The creative process doesn’t look pretty. That is to say, as long as you’re doing it right. Only in fiction does a perfect work spring forth, fully formed, from the brilliant mind of the sole creator or the effortless fingers of the visionary craftsman.
Pixar says it’s all about “going from suck to nonsuck.” And Nintendo has famously claimed “a delayed game is eventually good, but a rushed game is forever bad.” The details might differ, but the proof is in the pudding--through trial and error, iteration, and continuous revisions, the best work emerges. The most important part is starting, so you can find the right path while reacting to forks in the road and bumps along the way.
That’s not to say that a single-minded, tunnel vision commitment to excellence is necessarily the recipe for success. As we recently pointed out in our piece about an advantageous company culture, it’s not good enough simply to decide you need to make something great. The people in your organization need to believe in the mission and understand why it is they’re doing what they’re doing--why multiple iterative creative passes are actually the joy of creation in and of themselves, and not just work that has to be trudged through on the way to a similar goal. Amazon says it’s all about being “the world’s most customer-centric company.” Walmart’s mission is simply “to save people money so they can live better.” At Vokal, we focus on unconstrained thinking that brings about significant value. None of it happens accidentally!
We’ve talked before about how we run “innovation sprints,” getting ideas out from our minds and onto paper as quickly as possible so we can find the ones worth focusing on. Pixar director Andrew Stanton sums up such rapidfire activity as this by saying “my strategy has always been to be wrong as fast as we can.”
It’s a freeing thought--unless your goal is to get through the entire creative process without ever considering an option or possibility that doesn’t make it into the final product, why dwell on what the first mistake will be? They’re going to happen, so we believe you need to make them and learn from them, understanding all the pitfalls along the way and gaining a greater comprehension of why the ultimate result works by the time we get there.
The collaborative approach is also an excellent way to identify early on where you’re going to be wrong quickly. The famous phrase goes in writing that you need to be willing to “kill your darlings,” which comes with the baggage of precious phrases and cute ideas growing on you even when you’re not sure they’re right for the piece. It’s sometimes tough to know where the darlings even are without substantial collaborative input. That’s why we also recommend assembling and openly discussing the mission, the process, what’s working, and what isn’t, at multiple points along the way. If you can be not just ready to fail quickly but directly trying to fail quickly, and you’re able to distance yourself emotionally from the “darlings,” it’s easier to chip away at the rock to find the sculpture hiding inside it.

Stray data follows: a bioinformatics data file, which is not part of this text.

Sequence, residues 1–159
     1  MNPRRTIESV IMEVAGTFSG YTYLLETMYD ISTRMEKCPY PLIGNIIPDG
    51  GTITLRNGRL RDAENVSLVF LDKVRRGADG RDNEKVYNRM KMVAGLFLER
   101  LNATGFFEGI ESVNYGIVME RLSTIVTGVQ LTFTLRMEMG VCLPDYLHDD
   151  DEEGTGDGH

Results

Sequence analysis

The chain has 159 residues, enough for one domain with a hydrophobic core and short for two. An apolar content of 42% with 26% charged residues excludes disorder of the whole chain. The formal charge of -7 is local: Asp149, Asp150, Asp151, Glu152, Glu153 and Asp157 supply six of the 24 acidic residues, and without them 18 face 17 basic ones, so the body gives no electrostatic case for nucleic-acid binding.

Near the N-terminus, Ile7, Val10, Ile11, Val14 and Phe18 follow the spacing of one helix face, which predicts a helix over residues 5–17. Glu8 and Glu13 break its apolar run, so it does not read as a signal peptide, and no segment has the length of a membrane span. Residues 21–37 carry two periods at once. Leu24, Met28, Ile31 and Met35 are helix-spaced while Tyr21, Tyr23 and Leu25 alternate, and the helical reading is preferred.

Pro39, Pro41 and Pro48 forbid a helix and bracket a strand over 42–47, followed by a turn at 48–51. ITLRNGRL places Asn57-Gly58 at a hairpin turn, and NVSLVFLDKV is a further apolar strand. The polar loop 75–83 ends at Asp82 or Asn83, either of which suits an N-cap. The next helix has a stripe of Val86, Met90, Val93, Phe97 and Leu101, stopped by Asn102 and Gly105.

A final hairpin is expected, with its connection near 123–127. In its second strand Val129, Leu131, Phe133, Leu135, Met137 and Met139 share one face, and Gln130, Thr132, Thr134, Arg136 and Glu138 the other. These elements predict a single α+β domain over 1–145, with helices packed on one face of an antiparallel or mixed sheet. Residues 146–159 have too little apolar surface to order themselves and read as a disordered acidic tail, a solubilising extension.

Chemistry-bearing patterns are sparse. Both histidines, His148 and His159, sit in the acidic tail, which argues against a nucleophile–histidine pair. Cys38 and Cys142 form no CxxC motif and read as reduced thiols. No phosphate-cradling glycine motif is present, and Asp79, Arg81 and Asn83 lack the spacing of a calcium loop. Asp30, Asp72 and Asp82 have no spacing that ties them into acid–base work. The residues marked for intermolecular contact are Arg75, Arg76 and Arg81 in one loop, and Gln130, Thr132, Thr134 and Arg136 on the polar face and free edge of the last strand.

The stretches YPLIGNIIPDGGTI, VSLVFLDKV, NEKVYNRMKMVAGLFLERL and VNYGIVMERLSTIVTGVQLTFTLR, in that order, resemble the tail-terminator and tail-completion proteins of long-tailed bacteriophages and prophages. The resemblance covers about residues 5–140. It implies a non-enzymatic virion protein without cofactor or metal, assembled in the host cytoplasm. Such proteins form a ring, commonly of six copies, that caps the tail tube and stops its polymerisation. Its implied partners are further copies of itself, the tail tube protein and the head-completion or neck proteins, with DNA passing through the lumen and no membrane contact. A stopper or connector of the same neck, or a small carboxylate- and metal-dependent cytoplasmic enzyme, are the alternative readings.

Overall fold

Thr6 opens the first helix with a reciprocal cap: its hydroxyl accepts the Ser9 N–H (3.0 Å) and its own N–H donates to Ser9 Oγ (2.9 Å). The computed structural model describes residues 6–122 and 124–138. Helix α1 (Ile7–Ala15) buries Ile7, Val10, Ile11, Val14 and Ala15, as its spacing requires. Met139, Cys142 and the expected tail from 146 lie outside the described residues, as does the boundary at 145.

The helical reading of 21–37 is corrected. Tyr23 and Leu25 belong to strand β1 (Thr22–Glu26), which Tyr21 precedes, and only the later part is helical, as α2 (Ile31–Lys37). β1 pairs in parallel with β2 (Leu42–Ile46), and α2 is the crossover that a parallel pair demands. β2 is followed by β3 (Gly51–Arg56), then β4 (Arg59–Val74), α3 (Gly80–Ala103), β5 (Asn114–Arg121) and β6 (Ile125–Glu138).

And don’t spend too much time on any one thing that might not work. The goal here is to fail quickly, not slowly--and we’re able to find which avenues aren’t failures by running multiple low-investment experiments at once. We discussed this a little bit when talking about “change thinking,” with the end result being (ideally) that at least one or two of your short term, low-investment exercises will bear some fruit.
This fail, try again, repeat process is a type of ongoing, continuous prototyping, where you’re agile enough as an organization to be emotionally disconnected with the failures along the way that you’re able to quickly react and plug in working pieces that can have rapid, knock-on effects when it comes to the other elements around them.
The takeaway here is that even the most well-regarded studios and companies creating the most beloved products, films, games, and applications don’t ever nail it on the first try. By embracing the iterative, experimental nature of creativity and pursuing a perfect end product with dedication to your company’s mission, you may just find, like we have, that it’s less painful to fail a hundred small times on the way to your eventual success than it is to smoothly and perfectly crank out a product that ends up looking nothing like what you want it to.